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Private jet savior: why Michael Bloomberg is not the answer to the climate crisis

Ignore the mainstream media hype. As Michael Bloomberg officially enters the 2020 race, he’s not the climate champion he claims to be.

Aaron White
29 November 2019
Michael Bloomberg addressing a Climate Week NYC event in June 2009
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The Climate Group, CC BY-NC-SA 2.0

Several months ago, I asked Naomi Klein what the establishment response would be to a surging candidate who endorses a bold Green New Deal and vows to aggressively take on corporate power. She responded with: “they’re going to do something... perhaps even run a Mike Bloomberg.”

Well the time has finally arrived. Michael Bloomberg officially entered the 2020 Democratic primary race on Sunday.

Bloomberg, a former Republican and mayor of New York City, considered a run earlier in the campaign cycle. Yet with Joe Biden on solid ground, he decided not to enter the race.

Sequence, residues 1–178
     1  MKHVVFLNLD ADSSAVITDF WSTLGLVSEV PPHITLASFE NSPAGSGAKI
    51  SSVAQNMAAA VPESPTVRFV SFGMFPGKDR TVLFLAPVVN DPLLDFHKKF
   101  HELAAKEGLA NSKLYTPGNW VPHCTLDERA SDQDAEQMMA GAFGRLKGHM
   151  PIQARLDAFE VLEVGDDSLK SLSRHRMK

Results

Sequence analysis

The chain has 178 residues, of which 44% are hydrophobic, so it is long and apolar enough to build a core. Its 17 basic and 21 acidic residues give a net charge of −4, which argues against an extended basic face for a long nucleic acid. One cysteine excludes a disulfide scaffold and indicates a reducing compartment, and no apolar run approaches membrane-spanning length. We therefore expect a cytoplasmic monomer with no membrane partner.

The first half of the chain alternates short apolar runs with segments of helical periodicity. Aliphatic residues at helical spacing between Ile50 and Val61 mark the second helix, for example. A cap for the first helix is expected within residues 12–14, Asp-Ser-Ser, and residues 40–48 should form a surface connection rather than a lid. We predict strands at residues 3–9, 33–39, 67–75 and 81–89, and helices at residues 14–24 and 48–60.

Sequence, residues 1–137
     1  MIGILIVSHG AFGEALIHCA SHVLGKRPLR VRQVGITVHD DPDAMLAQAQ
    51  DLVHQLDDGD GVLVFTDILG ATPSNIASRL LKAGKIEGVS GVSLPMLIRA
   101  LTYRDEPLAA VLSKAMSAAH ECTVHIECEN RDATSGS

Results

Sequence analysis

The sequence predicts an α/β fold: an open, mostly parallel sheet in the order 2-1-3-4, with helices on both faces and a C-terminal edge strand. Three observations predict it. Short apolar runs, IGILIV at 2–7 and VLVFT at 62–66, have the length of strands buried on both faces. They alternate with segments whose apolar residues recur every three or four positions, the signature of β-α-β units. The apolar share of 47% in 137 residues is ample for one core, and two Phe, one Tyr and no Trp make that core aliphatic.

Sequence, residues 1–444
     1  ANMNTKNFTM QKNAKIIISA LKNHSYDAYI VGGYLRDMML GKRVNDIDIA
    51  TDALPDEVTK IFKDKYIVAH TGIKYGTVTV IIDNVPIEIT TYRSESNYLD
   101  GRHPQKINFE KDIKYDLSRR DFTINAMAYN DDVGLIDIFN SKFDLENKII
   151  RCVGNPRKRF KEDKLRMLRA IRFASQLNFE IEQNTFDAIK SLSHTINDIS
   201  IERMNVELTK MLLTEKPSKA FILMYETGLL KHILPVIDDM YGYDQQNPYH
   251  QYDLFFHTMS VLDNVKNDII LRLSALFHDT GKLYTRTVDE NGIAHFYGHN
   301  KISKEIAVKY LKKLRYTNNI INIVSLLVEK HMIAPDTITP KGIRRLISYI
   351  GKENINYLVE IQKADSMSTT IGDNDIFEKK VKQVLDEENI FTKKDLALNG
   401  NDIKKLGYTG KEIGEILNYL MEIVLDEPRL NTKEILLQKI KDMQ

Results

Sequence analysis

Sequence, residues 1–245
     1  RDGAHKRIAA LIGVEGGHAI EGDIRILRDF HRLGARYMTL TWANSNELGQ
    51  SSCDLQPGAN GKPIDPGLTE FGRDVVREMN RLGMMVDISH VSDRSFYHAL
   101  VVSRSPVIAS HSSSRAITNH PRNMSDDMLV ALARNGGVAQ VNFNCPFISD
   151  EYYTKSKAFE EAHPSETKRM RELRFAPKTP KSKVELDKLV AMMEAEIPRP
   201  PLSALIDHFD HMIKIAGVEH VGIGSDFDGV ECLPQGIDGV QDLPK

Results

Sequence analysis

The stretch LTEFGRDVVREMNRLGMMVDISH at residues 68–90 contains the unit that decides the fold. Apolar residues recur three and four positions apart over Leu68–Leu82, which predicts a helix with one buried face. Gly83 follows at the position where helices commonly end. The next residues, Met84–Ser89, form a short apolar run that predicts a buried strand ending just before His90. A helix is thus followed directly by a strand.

Now, with Bernie Sanders and Elizabeth Warren consistently polling at the top of the pack, and with Biden waning, the establishment and their oligarchic patrons are getting nervous.

Bloomberg will skip the first four primary states, and refuse to accept individual campaign donations. His “unconventional campaign” will be entirely self funded.

During an event in New Hampshire earlier this year, Bloomberg disconcertedly chuckled when asked about what steps he has taken in his daily routine to address the climate crisis. He smirked at the suggestion that his own lifestyle could in any meaningful way reveal his approach to tackling the crisis.

His gabby response (above) speaks volumes. When challenged on how his own lifestyle demonstrates his commitment to the climate crisis, Bloomberg responds with details of his personal hygiene – circumventing a serious question about his legitimacy, into a rambling response on his drinking habits, exercise routines, and frequency of his fruit salad consumption.